2. We also get asked to do the emotional work of teams that we are part of, which means we have to work more and deal with the fatigue that comes along with that. If you are an entrepreneur doing all these things, who’s taking care of you? Are you earning enough money to make it all work? The level of hustle women have to do is sometimes a little too much, because it means you are not focusing on the things you can actually add the most value. That worries me as a woman entrepreneur right now.
  3. Being willing to ask for help. When I had decided to take longer to write the book, I wrote an email to my friend Susan Cain (author of Quiet). I knew she had spent around 7 years writing it, so I thought she might have some perspective to give me. It took so much out of me just write her that email, because I didn’t want her to think I wasn’t competent or capable! Instead of giving me lots of advice, she actually paid attention to what I said and found a line in the email where I had said I didn’t feel I had put my best work on the page. She said to me, “you actually know your own answer, because you know that you need more time to figure that out. Give yourself more time.” Often we know our own answers. What Susan did was really pay attention to what I was actually saying. That’s what good friends/colleagues/bosses do –witnesses who we are and acknowledge what we’ve done. We decapitate the person if we tell them our answer, but if we listen to their own answer and hand it back to them, they can listen to their own wisdom. That was such a gift of generosity Susan did for me in that moment.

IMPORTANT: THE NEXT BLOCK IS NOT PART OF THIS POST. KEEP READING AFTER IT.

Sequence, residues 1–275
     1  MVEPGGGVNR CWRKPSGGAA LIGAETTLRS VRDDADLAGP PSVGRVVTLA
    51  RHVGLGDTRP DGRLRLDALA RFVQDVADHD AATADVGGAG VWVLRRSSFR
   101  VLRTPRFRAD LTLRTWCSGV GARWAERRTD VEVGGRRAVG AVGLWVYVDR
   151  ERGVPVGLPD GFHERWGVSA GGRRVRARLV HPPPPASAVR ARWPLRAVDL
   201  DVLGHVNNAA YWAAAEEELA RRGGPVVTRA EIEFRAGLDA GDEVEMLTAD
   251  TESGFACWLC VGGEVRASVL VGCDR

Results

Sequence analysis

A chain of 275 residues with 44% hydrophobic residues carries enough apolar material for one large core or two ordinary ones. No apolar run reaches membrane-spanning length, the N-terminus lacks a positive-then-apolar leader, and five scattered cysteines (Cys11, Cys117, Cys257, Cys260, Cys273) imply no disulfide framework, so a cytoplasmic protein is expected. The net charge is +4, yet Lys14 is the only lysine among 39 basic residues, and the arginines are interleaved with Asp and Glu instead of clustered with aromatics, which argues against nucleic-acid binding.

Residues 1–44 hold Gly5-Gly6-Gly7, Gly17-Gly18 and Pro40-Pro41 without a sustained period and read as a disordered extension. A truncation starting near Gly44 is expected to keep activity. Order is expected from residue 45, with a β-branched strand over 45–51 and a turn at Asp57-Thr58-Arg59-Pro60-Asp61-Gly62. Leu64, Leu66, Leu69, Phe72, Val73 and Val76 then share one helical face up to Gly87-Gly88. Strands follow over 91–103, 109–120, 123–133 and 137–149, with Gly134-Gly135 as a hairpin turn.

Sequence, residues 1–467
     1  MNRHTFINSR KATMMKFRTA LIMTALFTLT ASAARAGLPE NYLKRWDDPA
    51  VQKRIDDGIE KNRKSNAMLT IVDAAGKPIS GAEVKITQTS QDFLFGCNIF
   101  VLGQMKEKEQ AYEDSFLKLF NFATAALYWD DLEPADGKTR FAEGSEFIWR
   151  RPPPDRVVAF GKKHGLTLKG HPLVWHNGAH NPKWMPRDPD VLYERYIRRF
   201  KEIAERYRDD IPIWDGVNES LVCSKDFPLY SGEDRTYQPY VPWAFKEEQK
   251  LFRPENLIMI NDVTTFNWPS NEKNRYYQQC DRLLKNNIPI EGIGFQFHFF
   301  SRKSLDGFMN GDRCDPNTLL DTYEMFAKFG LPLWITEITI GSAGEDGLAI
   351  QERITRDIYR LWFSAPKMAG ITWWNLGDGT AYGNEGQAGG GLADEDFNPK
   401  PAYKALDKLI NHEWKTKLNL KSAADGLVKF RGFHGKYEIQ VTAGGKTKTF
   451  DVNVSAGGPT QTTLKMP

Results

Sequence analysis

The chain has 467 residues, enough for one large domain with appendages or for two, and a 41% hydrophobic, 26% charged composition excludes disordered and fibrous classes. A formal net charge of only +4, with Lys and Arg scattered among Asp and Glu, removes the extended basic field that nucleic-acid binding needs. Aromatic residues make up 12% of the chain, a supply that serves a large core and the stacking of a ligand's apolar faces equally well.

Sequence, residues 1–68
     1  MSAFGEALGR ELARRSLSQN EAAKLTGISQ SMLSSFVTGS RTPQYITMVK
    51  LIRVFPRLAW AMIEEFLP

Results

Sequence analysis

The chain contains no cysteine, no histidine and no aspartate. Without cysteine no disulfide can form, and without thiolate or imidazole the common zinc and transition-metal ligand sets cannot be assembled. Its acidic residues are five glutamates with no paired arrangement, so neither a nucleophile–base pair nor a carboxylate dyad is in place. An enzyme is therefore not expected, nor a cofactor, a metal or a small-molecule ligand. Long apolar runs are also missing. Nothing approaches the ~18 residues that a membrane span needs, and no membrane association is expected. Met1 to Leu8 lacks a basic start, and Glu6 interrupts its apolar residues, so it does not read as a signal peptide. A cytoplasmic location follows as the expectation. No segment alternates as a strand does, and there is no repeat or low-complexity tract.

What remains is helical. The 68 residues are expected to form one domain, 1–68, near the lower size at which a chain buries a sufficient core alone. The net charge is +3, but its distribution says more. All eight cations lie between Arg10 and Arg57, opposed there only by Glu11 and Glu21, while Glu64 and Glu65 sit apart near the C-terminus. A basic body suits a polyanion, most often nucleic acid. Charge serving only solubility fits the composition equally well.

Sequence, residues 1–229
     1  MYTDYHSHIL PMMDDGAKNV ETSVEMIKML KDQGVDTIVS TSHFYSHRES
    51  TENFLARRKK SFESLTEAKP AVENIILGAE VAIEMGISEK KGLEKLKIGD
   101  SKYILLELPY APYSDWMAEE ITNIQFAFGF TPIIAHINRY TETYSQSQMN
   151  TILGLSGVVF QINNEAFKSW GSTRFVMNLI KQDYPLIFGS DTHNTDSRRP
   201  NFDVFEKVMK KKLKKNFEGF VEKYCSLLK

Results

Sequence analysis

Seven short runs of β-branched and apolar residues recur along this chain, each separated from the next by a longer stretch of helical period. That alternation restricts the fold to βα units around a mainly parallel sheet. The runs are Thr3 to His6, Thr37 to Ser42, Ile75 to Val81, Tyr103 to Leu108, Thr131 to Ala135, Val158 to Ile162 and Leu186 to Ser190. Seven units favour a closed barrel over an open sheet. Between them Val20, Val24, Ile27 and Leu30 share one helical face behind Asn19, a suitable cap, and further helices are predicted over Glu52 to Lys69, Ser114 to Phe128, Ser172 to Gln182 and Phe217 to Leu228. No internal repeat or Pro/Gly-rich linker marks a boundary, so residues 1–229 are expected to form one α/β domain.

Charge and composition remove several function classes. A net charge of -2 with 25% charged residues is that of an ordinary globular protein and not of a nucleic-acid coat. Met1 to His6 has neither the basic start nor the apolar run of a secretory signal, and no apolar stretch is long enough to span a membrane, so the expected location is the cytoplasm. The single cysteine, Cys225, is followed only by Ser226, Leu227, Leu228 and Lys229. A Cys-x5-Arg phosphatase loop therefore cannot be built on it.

For me the biggest challenge is remembering to ask for help, letting other people provide care and support. I’ve been used to being that emotional caretaker in so many situations, where I’m always looking at ‘how can I serve you’ instead of ‘what could you do to help me?’ I rarely ever ask that question, yet I probably should. We all should. People want to help, but we rarely allow room to create opportunities for that.

What in your opinion is the key to your success? 


  • Not to worry about where I’ve come from, but to really think about what I can learn now, what I do next, how do I just keep going. I came to America when I was 4 ½ years old. My parents divorced when I was two and my mother was extremely abusive, which meant that I got passed around because she didn’t know how to take care of my own interests. So I grew up with very little expectation that I would have my own opportunities in the world. I was expected to enter an arranged marriage, to serve the needs of my mother and be at the whim of other people. I left home at age 18 to avoid that. I wanted my parents to ask the prospective husband if I could get an education, and they wouldn’t, so I left the house and never went back. I took 3 jobs and learned how to put myself through school.